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Ventura Child Custody Attorney for Grandparents

Grandparents often take a step back and let their children raise their grandchildren as they see fit. Some grandparents may be more hands-on and demand that their grandchildren be raised a certain way, but they may not have the legal standing to raise them themselves. However, when a parent is unfit, grandparents may be able to step in and take custody of the children.

The Ventura child custody attorneys for grandparents at the Law Offices of Bamieh and De Smeth represent grandparents in child custody cases. For help seeking custody of your grandchildren and exercising the legal authority to raise them, contact our law offices today. To schedule a free legal consultation, contact our law offices today at (805) 585-5056.

Custody Rights for Grandparents in California

California law gives a child’s parents the first priority when determining who gets child custody. In most child custody cases, the court will choose between granting the birth parents joint custody or giving sole custody to one of the parents. Unless there is a good reason to consider other adults for child custody, another person’s claim cannot trump the parents’ claims for custody.

Grandparents may be able to insert themselves into this process and win custody of their grandchildren if the parents are unfit to parent. If the grandparent can prove that the parent is a detriment to the children in their care, the court may reconsider custody and grant custody to the grandparent instead of the parent.

To get custody as a grandparent, you must be somewhat involved in your grandchildren’s lives. The law rarely lets a relative come in without a prior relationship and take custody away from the parents. Instead, the court will look to other adults that the children live with or have lived with in the past. This means that if your child and grandchild lived together in your household, you may have already established a good track record of caring for the child in your household. Alternatively, a grandparent acting as a foster parent after the parent loses custody or while the parent is in jail can also help establish the necessary groundwork to get full custody of a grandchild.

Grounds to Get Custody Taken Away from Your Grandchildren’s Parent

To seek custody of your grandchildren usually means you must have the court strip the parents of custody first before you can be granted custody. This is often quite contentious, especially if there is a history of issues between you and your child or the other parent. In many cases, a grandparent may want to strip custody away from the child’s other parent, but it often takes severe mistreat or neglect to convince a parent to try to strip their own child of custody of their grandchildren.

Courts similarly need strong evidence of mistreatment or lack of safety in the child’s life to strip a parent of custody. The following are all examples of the kinds of dangers that a court looks for when stripping a parent of custody:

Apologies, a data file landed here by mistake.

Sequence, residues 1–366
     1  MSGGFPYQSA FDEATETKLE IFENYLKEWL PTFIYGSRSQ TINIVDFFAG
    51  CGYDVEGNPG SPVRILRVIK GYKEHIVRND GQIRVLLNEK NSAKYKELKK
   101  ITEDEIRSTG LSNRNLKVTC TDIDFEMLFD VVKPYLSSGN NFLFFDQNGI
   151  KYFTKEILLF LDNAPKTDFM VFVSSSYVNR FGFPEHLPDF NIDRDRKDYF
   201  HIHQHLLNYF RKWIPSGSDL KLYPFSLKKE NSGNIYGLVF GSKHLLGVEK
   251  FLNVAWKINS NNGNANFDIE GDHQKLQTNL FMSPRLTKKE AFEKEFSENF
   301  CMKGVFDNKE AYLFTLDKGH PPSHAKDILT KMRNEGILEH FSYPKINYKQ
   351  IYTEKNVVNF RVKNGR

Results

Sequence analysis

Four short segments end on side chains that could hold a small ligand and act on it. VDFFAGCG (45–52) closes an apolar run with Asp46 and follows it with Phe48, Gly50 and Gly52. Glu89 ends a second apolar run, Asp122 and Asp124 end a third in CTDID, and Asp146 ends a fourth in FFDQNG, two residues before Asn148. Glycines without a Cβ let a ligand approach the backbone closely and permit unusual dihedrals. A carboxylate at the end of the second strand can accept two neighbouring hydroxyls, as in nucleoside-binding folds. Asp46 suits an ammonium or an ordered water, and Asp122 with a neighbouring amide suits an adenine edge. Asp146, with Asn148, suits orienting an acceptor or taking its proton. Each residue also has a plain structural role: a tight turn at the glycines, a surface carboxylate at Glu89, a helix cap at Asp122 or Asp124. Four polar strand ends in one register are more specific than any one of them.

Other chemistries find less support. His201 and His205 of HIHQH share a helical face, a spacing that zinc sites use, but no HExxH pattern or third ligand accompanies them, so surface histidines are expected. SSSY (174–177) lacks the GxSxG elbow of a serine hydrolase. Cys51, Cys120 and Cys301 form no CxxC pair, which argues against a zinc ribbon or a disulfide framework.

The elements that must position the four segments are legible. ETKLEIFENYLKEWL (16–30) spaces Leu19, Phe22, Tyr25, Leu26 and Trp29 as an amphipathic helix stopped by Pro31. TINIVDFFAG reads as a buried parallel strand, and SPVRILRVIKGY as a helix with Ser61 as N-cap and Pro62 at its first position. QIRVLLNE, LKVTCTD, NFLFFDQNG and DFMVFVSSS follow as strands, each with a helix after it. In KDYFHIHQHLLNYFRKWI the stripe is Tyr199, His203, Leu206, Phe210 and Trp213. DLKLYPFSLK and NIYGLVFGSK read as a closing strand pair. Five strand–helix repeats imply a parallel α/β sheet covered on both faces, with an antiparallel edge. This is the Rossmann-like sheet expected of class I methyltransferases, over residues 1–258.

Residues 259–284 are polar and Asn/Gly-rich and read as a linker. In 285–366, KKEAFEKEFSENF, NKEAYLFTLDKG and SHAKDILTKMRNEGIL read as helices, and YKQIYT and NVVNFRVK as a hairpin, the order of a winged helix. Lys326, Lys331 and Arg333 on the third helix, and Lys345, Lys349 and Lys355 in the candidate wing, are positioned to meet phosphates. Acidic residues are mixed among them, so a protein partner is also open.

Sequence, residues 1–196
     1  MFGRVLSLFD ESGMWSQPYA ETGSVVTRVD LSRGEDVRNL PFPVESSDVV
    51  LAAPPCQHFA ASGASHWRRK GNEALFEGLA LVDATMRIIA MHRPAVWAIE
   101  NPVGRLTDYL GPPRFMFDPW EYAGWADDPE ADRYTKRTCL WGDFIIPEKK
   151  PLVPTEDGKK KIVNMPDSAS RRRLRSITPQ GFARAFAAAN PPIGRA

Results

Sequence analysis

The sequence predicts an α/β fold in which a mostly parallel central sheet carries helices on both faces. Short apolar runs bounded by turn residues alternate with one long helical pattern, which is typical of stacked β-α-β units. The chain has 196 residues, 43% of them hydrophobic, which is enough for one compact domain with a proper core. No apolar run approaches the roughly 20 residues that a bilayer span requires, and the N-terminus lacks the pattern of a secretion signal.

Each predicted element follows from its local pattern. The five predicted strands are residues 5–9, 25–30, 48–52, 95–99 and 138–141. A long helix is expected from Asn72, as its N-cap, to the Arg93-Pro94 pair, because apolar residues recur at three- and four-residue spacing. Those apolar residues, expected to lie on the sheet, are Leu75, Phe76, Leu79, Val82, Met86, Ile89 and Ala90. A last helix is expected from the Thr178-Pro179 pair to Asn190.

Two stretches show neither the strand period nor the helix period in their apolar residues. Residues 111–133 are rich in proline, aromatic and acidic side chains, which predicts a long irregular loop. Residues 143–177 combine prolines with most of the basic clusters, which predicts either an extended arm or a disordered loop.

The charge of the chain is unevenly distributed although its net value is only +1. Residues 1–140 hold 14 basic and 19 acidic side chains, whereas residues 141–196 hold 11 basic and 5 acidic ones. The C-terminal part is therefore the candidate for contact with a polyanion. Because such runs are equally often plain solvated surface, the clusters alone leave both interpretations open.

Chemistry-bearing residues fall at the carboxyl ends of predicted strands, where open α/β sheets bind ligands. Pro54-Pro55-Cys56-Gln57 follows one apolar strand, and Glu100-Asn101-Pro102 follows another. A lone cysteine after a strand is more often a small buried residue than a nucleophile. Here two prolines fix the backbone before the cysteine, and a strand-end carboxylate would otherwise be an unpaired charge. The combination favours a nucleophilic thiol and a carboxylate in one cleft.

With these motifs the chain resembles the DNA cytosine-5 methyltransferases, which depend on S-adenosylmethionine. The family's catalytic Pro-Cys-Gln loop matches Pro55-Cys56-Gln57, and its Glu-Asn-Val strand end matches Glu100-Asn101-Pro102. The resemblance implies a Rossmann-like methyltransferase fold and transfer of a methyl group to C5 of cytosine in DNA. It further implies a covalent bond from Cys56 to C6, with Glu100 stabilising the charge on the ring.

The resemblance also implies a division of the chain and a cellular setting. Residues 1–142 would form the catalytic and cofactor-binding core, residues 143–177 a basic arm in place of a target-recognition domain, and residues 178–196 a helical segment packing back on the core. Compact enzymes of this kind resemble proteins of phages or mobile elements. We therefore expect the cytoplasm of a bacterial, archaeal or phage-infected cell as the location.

• A history of abuse against the child, the child’s other parent, or another adult in the household
  • A history of drug use, alcoholism, or other substance abuse or addiction
  • A history of calls to Child Protective Services
  • A history of neglect
  • A history of crime that might endanger the child

Typically, biological or adoptive parents are still considered for custody before a grandparent will be considered. That means that if your grandchild has two parents, the court will try to put the child with the other parent if their primary parent is unfit. If the other parent is deceased, unfit to parent, or unwilling to take custody, only then can you try to claim custody.

Alternatives to Child Custody for a Grandparent

Custody is not the only legal right that allows you to participate in your grandchild’s life and help raise them. To get custody of your grandchildren requires you to work against your child or the grandchild’s other parent, which can lead to further struggles down the road. Instead of seeking child custody, you may prefer to seek a guardianship or to adopt your grandchildren.

A parent may grant another adult a guardianship over their child if they know they will be unable to care for the child for a prolonged period. This can allow the parent to choose a guardian rather than placing the child into the foster care system or leaving it to a court determination as to whether the grandparent can have custody. This is especially helpful in case the parents are killed or seriously injured in an accident, or if they will be gone for a prolonged period, either out of state or away on business.

Adoption is a more permanent solution that cannot usually be challenged later. If your child would like to give you full parental rights over your grandchild because they are too young or unequipped to raise the child, adopting your grandchild might be a better plan than seeking custody through the court system.

Talk to an attorney about what type of parenting rights or child custody is right for your case.

Ventura, CA Attorneys for Grandparent Custody Offering Free Legal Consultations

If you are considering seeking custody of your grandchildren, contact our Ventura grandparent child custody lawyers today to schedule a free legal consultation on your case. At the Law Offices of Bamieh and De Smeth, we represent parents and grandparents on complex child custody cases and other family law matters. To schedule your free legal consultation, contact our law offices today at (805) 585-5056.

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